This couple, but not their children, were named for my freshman year college roommate and his wife - whom he later married later.  They're still good friends even though we see them far too seldomly.
Tom & Brynn

This couple lives in the neighborhood that Louis moves into.  They welcome him in many ways and are impressed with his attitude and outlook on life.

This couple are named after my brother and his wife.  While the characters' actions aren't based on anything in real life, I can picture Tom doing something similar if the occasion called for it.

Gas Attendant

The unnamed character in the gas station in Reno.

He remains unnamed as he represents all of us who have viewed homeless people in the way depicted in the story.  He becomes an uncomfortable mirror for Frank to gaze into.  Frank doesn't like what he sees....
High School Office Worker The unnamed character in the Bartlesville High School office. She remains unnamed as she represents all of us who have ever helped someone else in need, without thought of reward.  She's one of countless individuals in our lives that help point us in the right direction, but that we don't see or realize it at the time.  Nor, do we have or take the opportunity to thank them.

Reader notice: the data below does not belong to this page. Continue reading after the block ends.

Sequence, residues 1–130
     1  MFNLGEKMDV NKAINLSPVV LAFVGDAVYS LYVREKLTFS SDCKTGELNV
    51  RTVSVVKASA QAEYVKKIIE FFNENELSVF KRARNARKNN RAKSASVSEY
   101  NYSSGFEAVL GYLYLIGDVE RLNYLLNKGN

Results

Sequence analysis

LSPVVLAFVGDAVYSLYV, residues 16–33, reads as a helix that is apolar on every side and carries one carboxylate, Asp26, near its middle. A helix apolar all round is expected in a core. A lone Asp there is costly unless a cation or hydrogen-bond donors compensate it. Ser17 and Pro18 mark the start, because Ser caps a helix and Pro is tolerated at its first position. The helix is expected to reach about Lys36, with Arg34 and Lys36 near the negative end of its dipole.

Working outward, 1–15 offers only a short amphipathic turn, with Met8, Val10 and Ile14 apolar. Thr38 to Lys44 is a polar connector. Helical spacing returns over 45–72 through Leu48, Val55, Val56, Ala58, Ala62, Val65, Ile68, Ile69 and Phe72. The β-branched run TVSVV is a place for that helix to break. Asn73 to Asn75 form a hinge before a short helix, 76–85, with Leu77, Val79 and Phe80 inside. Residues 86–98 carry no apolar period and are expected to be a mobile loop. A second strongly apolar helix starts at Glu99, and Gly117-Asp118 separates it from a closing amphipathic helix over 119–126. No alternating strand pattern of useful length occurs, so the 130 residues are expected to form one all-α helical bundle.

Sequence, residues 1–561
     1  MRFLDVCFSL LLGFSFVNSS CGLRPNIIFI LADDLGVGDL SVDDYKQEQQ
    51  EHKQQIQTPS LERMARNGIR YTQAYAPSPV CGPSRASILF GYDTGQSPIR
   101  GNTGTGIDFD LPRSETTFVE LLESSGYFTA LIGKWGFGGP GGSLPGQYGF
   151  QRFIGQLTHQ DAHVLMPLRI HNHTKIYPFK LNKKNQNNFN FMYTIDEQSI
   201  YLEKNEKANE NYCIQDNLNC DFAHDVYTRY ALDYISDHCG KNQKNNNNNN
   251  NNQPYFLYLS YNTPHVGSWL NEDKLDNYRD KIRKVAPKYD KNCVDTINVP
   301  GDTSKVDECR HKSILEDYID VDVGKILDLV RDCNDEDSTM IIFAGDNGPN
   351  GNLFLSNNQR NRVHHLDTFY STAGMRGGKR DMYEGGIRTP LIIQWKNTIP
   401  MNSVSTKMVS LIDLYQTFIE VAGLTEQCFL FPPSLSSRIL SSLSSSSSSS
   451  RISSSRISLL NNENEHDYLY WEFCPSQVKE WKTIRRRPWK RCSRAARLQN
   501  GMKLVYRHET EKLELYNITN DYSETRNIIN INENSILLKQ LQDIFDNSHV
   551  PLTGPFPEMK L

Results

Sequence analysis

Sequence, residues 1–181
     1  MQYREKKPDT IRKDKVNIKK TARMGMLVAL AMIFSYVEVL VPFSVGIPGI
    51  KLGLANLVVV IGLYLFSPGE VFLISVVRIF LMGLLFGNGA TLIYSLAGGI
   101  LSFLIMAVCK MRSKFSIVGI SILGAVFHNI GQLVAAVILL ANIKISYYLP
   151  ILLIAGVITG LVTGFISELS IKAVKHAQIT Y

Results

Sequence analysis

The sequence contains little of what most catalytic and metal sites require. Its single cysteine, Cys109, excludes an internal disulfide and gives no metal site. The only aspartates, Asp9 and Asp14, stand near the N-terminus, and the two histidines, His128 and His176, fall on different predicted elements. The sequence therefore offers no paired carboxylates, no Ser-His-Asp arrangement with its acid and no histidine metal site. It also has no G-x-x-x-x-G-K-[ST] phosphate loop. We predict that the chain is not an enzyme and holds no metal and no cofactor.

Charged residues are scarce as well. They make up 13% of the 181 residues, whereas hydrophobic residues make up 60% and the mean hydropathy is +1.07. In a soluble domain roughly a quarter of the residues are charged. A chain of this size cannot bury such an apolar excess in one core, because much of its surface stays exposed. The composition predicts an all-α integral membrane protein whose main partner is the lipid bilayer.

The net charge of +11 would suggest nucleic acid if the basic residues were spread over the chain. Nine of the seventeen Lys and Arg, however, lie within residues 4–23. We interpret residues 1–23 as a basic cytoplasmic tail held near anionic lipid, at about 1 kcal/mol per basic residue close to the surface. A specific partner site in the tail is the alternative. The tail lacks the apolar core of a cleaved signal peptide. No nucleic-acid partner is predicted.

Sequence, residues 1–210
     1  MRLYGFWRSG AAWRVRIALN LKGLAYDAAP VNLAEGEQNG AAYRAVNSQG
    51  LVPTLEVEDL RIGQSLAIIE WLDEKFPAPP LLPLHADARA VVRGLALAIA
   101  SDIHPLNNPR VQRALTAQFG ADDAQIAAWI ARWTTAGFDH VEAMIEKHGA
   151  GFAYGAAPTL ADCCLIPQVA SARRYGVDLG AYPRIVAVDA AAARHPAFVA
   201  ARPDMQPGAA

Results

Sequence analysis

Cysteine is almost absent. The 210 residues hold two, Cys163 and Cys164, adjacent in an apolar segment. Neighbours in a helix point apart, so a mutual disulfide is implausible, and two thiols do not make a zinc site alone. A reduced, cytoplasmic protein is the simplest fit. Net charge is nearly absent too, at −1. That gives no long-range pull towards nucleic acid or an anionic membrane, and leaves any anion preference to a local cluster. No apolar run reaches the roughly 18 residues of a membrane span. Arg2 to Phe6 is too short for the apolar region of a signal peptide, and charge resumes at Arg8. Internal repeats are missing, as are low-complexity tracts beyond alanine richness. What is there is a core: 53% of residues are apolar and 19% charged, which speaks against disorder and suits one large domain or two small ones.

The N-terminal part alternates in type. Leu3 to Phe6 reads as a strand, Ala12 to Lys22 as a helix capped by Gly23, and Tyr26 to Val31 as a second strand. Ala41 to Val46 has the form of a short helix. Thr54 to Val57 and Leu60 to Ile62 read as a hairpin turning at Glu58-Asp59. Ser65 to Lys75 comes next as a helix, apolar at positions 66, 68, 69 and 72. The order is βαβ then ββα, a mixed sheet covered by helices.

"Old Bessie" The shopping cart man's shopping cart.  The cart is symbolic of many things.  I grew to gain a small taste of how attached Sam must have grown to the cart while spending an entire night in the Oslo, Norway airport.  I had a cart on which I stored my luggage, while in between flights.  At some point in the night, someone took my cart (leaving my luggage).  I was able to get a different cart, but couldn't help feel I'd lost a "friend" when my original cart was taken.  I must have been VERY tired... "Old Bessie" just sounded like the right name for a cart (or, a favorite cow).
The little girl in the dream This is the unnamed character that offers Sam a hand during his first significant dream.

BTW, I envisioned an old-fashioned 1800's style 4th of July carnival taking place behind Sam, that the girl wanted to attend with Sam.  The dream's symbolism didn't allow for this, however.  Sam wasn't ready for that level of experience, and what it would represent, yet.

This is actually a fairly deep imagery character.  She is and she isn't Emma.  She goes well beyond that.  She is a significant part of the imagery and symbolism of Sam's dream, and represents a key, next-step requirement for Sam.  I'd love to talk with you about this some time....

©2006, 2012 by Douglas V. Nufer

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©2006, 2012 by Douglas V. Nufer
Last modified: 11/15/12